Estimating traffic today for better roads tomorrow

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Traffic in the city at night

Since 1963, the Committee on Traffic Flow Theory and Characteristics of the Transportation Research Board has been promoting the development, validation, and dissemination of research on traffic flow theory and characteristics. Each year the committee awards the prestigious Greenshields Prize to one paper that demonstrates the spirit of the award’s namesake, Bruce D. Greenshields, basing sound theory on rigorous empirical analysis. The 2017 recipients for the Greenshields Prize were none other than civil and environmental engineering’s (CEE) own Sean Qian, and Qian’s former doctoral student Yiming Gu, who is currently a Senior Research Engineer at the United Technologies Research Center. They received the award for their paper titled Traffic State Estimation for Urban Road Networks Using a Link Queue Model.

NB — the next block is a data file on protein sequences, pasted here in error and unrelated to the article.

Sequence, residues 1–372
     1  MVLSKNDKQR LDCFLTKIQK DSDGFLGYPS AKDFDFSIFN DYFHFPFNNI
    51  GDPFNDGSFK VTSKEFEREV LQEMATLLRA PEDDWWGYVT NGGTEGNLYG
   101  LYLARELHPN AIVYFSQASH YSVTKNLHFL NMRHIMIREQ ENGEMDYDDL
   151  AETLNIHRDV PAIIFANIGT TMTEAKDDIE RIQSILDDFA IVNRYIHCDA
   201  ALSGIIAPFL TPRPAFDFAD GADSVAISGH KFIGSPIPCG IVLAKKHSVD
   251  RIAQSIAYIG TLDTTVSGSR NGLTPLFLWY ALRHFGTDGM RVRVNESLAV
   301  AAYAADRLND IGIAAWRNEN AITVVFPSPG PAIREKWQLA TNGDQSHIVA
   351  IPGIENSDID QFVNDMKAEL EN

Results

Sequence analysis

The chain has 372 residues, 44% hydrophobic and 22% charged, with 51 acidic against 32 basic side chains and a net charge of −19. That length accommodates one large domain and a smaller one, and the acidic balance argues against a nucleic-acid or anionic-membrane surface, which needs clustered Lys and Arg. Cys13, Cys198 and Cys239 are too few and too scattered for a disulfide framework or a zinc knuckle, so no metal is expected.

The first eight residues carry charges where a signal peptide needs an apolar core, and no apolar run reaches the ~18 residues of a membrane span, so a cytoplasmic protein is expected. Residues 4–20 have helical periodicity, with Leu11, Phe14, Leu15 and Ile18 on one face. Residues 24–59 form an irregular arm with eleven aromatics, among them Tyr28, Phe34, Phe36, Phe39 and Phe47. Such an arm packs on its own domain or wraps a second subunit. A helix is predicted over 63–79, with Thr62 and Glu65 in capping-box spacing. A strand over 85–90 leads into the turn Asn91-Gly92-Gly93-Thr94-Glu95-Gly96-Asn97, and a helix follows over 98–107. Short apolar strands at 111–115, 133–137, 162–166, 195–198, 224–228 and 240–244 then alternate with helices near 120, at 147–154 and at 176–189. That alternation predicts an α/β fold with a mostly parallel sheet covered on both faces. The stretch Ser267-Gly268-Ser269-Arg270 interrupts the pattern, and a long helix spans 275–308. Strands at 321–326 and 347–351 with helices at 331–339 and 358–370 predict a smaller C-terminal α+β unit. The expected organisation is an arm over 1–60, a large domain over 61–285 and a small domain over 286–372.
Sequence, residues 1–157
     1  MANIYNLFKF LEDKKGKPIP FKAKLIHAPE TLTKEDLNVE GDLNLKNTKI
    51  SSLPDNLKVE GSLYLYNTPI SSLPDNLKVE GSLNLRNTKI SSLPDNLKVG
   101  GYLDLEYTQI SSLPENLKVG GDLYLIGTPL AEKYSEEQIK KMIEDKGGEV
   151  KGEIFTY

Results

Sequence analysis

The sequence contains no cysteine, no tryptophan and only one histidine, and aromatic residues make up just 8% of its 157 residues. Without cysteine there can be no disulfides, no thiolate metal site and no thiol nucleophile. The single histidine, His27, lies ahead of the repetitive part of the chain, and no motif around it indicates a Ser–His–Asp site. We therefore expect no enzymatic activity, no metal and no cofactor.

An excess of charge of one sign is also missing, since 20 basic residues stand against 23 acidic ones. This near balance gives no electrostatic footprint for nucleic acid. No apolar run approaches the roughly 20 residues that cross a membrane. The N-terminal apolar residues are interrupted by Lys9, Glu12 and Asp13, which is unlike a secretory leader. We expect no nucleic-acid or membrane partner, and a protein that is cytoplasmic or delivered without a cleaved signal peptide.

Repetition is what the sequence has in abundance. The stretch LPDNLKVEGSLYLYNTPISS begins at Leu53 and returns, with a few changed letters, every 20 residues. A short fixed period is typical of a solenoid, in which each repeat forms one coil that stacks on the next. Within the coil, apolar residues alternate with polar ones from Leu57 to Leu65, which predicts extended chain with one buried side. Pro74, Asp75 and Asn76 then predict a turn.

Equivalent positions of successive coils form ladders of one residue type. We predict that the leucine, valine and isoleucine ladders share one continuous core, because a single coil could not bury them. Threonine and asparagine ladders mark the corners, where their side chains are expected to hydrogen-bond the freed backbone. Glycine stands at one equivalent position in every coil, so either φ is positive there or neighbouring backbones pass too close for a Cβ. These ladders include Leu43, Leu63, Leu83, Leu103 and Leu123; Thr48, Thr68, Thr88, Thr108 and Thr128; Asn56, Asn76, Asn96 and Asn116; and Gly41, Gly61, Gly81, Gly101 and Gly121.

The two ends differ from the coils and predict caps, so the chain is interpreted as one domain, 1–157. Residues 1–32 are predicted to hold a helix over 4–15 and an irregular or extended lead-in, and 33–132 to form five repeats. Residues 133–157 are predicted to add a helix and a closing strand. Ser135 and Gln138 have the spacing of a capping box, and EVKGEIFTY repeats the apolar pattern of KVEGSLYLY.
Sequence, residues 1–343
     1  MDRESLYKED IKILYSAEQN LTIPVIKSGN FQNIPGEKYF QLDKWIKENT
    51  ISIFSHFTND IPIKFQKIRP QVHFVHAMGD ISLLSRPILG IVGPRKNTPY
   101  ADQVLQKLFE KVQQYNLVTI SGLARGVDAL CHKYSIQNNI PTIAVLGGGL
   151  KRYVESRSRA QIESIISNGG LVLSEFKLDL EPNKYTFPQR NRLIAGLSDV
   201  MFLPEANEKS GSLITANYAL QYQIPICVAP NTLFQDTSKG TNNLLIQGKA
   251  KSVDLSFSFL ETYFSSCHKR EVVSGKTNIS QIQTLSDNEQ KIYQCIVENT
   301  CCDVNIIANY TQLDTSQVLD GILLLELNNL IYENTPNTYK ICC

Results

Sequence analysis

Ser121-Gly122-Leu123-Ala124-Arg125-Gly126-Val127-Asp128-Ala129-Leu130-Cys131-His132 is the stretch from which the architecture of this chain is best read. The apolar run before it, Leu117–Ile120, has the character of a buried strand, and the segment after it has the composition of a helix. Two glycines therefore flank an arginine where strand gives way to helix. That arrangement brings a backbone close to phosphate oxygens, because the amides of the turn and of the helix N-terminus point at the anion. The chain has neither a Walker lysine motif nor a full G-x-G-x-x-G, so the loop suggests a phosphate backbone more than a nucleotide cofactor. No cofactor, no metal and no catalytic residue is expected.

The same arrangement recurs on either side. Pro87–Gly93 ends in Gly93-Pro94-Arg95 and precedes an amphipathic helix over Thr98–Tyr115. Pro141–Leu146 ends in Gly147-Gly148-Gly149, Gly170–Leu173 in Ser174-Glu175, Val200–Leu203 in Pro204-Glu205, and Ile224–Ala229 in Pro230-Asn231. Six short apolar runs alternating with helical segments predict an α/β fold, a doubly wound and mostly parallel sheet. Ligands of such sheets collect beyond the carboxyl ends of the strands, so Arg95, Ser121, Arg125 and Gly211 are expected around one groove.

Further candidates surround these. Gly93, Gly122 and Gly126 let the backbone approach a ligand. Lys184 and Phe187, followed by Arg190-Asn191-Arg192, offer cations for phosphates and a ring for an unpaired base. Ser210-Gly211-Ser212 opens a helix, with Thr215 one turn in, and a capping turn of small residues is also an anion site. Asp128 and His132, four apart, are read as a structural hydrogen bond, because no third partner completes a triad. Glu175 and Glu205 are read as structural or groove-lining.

Traffic State Estimation (TSE) is the process by which engineers take data from multiple sources and use it to draw inferences about a number of traffic variables, such as speed, density, and flow on roads where no sensors are deployed. The focus of the Greenshields prize is to bring ideas off of the paper and into the real world. “If the theory is just a theory, it’s very hard to use,” explains Qian. “We’re trying to translate theory into practice.”

Most attempts at TSE within road networks have focused on highway networks as opposed to urban networks, due to the limited number of on-ramps, off-ramps, and exits on highways. This smaller pool of data makes it easier to compute accurate estimates in a reasonable time period. However, in this research, Qian’s sights were set a little higher; his goal was to glean accurate estimates for an urban network.